Shotgun Review

In Case You Missed It: Magic Mountain

By Aimee Le Duc September 20, 2011

What is the value of collaboration? When two artists work together on one project, should each individual’s vision be present, resulting in a dialogue? Or should the work bleed into one cohesive body in which neither artist’s presence is distinct? Piero Passacantando and Gareth Spor, who worked together on the exhibition The Magic Mountain, at NOMA Gallery, would certainly answer the latter.

The project is based on Passacantando’s research in Kathmandu, Nepal, on Thangka painting. Passacantando worked with professional Thangka painters to emulate their use of geometry and color in painting. For his part of the project, Spor created films that play on loud and clunky film reels, introducing movement into the paintings’ simple circles and patterns.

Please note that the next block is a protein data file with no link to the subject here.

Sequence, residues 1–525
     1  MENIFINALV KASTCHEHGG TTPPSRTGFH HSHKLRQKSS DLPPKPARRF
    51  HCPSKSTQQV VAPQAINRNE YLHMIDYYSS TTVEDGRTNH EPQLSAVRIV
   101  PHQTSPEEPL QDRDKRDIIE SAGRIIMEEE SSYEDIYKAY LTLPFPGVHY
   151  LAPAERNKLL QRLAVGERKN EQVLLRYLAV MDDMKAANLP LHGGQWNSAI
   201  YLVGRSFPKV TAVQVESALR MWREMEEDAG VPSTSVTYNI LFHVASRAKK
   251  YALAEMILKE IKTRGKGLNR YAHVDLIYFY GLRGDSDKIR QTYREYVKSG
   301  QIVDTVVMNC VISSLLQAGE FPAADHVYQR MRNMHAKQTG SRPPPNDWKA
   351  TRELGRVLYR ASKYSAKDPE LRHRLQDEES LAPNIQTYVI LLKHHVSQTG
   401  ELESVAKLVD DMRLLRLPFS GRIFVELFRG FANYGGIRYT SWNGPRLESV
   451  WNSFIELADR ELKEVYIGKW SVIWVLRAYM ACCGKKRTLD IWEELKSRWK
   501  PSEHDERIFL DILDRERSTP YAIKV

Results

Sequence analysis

The work’s color palettes are dusty pinks and serene blues; only one of the video pieces, a collaborative work by both artists, uses brightly colored circles, which move at a glacial pace in a pattern resembling a Venn diagram. The result is so meditative and quiet that it transcends Thangka painting—the work’s source and inspiration are secondary.

The work becomes a respite from the cacophony of media and images that surround us at all times. The “Magic Mountain,” it seems, is a place inside where our individual voice and reactions can stop spinning and become momentarily lost in the simplicity of a circle and the nostalgic clacking of a film projector.

Piero Passacantando, Infinity Circle, NOMA Gallery

Piero Passacantando. Infinity Circle, 2010; acrylic on muslin; 38 x 30 in. Courtesy of the Artist and Noma Gallery, San Francisco.



Magic Mountain: Piero Passacantando and Gareth Spor was on view at Noma Gallery, in San Francisco, from August 6 to September 10, 2011.

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